I confess, I have not actually picked up much Izumo dialect, thought to be rather hard to understand even for native speakers. I’m not so sure how far that goes. I have had difficulty understanding little old ladies in the countryside when I’ve asked for directions, but otherwise I can usually understand whatever someone is saying based on context. Locals always tease that Izumo-ben must be difficult to understand since I’m a foreign speaker of Japanese, but it doesn’t really work like that. As a non-native speaker, I have years of having to understand words in context that I’ve never formally studied, so listening to Izumo-ben doesn’t feel strange.
Using Izumo-ben, however, is a different story. I can sort of hear and parse out in my head how it works, but the only aspects I’ve picked up have thinking with verb endings like “-choru” or sometimes adding “-ken” to things for a little emphasis, but I don’t think “-ken” is limited to this brand of Inaka-ben (country dialect) anyway. When people teach me phrases I can usually imitate them, but this is usually only for their entertainment and I never commit them to memory.
The major part of Izumo-ben that anyone and everyone should pick up, though, is the phrase for “Thank-you”: Dan-dan.
You hear it everywhere, and it’s such a short, snappy, and catchy phrase that there’s no reason not to try using it. Even though I typically hear people use more standard ways of expressing thanks, the locals do smile warmly and get excited at the sound of people from other parts using that phrase. It carries a lot of local character, and it always goes over well when everyone from Japanese tourists to foreign diplomats use the phrase. You also see and hear it used throughout the area, like in the “Dan-dan kasa” program, a free umbrella-loaning service found through the city of Matsue (I’ve benefitted from this program almost as much as I have contributed to it by forgotting my umbrellas in public places all the time).
You would also hear it used for the outdoor hot-food festival held throughout the city and especially on Sundays throughout the month of February, the Matsue Dan-Dan Shoku Festa.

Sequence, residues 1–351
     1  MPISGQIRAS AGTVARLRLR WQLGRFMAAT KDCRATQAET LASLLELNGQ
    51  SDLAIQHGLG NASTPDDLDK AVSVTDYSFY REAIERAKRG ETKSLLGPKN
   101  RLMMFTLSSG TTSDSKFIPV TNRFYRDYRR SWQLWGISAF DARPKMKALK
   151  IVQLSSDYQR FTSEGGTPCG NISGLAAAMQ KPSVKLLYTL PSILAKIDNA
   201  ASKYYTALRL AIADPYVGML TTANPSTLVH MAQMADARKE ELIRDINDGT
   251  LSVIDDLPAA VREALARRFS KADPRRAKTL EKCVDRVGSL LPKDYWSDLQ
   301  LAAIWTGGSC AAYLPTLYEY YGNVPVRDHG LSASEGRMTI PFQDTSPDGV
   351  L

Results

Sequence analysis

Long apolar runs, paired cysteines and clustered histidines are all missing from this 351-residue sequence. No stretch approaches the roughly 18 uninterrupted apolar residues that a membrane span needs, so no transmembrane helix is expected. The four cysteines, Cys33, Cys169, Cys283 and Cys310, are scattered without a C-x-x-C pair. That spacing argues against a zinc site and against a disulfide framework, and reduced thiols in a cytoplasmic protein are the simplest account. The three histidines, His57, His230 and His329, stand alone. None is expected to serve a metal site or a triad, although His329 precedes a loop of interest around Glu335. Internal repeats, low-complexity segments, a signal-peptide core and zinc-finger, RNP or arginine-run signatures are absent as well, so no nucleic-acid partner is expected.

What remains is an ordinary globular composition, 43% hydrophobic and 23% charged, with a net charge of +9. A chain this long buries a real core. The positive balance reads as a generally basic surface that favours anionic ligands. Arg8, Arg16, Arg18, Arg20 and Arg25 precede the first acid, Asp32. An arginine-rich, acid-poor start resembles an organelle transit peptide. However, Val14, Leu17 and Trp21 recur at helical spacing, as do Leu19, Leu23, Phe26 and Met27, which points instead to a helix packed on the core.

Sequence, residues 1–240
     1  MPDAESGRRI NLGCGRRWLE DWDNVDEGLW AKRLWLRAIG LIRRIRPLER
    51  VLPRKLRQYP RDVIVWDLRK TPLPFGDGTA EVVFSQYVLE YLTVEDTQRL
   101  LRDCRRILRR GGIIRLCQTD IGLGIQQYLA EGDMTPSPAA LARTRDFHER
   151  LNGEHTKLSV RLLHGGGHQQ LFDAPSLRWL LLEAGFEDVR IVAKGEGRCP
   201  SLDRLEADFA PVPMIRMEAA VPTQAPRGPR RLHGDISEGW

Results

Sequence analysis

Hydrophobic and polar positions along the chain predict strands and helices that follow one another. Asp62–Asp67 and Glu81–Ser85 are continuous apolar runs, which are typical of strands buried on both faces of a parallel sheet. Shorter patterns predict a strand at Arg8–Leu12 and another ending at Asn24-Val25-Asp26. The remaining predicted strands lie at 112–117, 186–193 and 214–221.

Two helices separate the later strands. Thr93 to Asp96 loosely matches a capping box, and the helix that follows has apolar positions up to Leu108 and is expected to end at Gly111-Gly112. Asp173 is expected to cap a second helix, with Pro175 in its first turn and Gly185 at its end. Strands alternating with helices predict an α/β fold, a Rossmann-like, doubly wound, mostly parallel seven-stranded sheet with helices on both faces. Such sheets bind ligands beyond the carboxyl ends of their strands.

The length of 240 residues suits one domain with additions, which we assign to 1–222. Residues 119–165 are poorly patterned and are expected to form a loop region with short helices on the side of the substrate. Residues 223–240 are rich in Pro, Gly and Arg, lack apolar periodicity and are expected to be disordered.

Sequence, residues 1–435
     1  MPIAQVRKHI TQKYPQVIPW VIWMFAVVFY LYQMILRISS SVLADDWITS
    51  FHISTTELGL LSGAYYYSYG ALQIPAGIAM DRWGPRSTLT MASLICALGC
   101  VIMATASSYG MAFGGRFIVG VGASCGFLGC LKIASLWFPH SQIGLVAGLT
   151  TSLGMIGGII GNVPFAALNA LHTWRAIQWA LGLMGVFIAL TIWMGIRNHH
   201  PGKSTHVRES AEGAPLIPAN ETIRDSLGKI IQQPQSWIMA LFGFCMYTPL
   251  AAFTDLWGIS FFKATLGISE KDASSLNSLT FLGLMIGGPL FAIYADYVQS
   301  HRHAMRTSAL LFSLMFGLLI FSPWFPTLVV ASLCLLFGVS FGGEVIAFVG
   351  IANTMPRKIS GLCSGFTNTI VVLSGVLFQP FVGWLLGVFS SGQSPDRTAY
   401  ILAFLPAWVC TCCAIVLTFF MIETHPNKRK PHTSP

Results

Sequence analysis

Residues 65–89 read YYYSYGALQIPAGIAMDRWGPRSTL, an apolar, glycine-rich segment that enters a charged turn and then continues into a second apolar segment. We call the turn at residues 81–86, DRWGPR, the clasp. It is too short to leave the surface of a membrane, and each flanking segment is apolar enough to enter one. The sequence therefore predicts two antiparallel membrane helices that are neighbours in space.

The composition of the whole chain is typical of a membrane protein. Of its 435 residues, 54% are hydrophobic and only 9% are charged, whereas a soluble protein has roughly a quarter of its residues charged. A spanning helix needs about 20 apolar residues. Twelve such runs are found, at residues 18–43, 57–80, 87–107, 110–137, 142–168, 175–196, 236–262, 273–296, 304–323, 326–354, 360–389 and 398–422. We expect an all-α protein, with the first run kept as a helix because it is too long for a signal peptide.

I’ve broke this down in an entry last year as follows:
まつえ is “Matsue” written in phonetic hiragana instead of in kanji, as usual (松江).
暖 is “warmth” and read here as dan.
談 is “conversation” and read here as dan. Pairing them together is like “warm conversation” and sometimes people translate the name of the festival as “heart-warming.”
だんだん, Dan-Dan, is Izumo dialect for “thank-you,” one of the most commonly heard and actively used Izumo phrases.
食 is “food/eat” and read here as shoku.
フェスタ is short for “festival.”
So you could call it anything from “Matsue Festival for Food That Brings About Warm Conversation” to “Matsue Thanks-For-The-Warm-Food Festival” but I find “Dan-Dan Shoku Festa” is most catchy.
Now that we’re heading into a cold snap here in January, I thought for sure we’d be looking forward to some Dan-Dan Shoku Festa material soon, but what is this? The Matsue Shoku Matsuri??
Apparently they changed it this year because the Dan-Dan pun was a hard sell to travel companies. But I am very disappointed with the name change! I feel no sense of local character and warm from a bland name like “Matsue Food Festival.” Give me back my Izumo-ben pun and get some local flavor back in this name!
Sigh. At least we get four Sundays of outdoor food fests instead of only three this year. There are as follows:
January 31, 2016, 11:00am ~ 3:00pm
In front of JR Matsue Station (Area A)
(Includes the annual “En-musubi Shichifukujin Nabe”, the “Seven Lucky Gods Fate-binding Hot Pot” which serves 800 people yet can disappear rather quickly–to date, I’ve only made it in time for a serving once)
February 7, 2016, 11:00am ~ 3:00pm
Matsue Castle grounds (Area B)
(Special features include handmade wagashi from artisan Itami-sensei and Matsue Castle Rifle Troupe performances at noon and 2pm, but you can get Itami-sensei’s wagashi at the Matsue History Museum cafe Kiharu all year round and the Teppo-tai performs at the museums on the 1st and 3rd Sundays of every month anyway, so…)
February 14, 2016, 11:00am ~ 3:00pm
Kyomise shopping district (Area C)
(If you find it too cold to stay outside, many of the fancy restaurants around this shopping district are also doing special things that day)
February 21, 2016, 11:00am ~ 3:00pm
Tenjinmachi (around Shirahata Tenmangu Shrine) (Area D)
(Seeing as Tenjin is the god of scholarship and we’re coming up on entrance exam season, there’s a special “Tenjin Goukaku Okage Nabe”—which I’d roughly translate as “Pass Your Tests Thanks to Tenjin’s Hot Pot.”)
Furthermore, the San’in region is Crab Country. See more details (and puns) about the crab culture in this entry, but also be aware that the “Kani-goya” (Crab Shack) event going on a 10 minute walk east of JR Matsue Station along the Ohashi River is already underway. This year it’s January 16 ~ February 29, open 11:00am through 10:00pm. This event is all about indulging in regional crab, having them cooked right in front of you and making a raucous with your buddies as you tear into them.
I like crab if someone else gets the meat out for me, but I supposed this is a craze I don’t really understand. I’ll stick with the array of fancy Sunday market foods.
And I will still stubbornly call it the Dan-Dan Shoku Festa, thank you very much. Yes, I am feeling a little salty over the loss of this pun.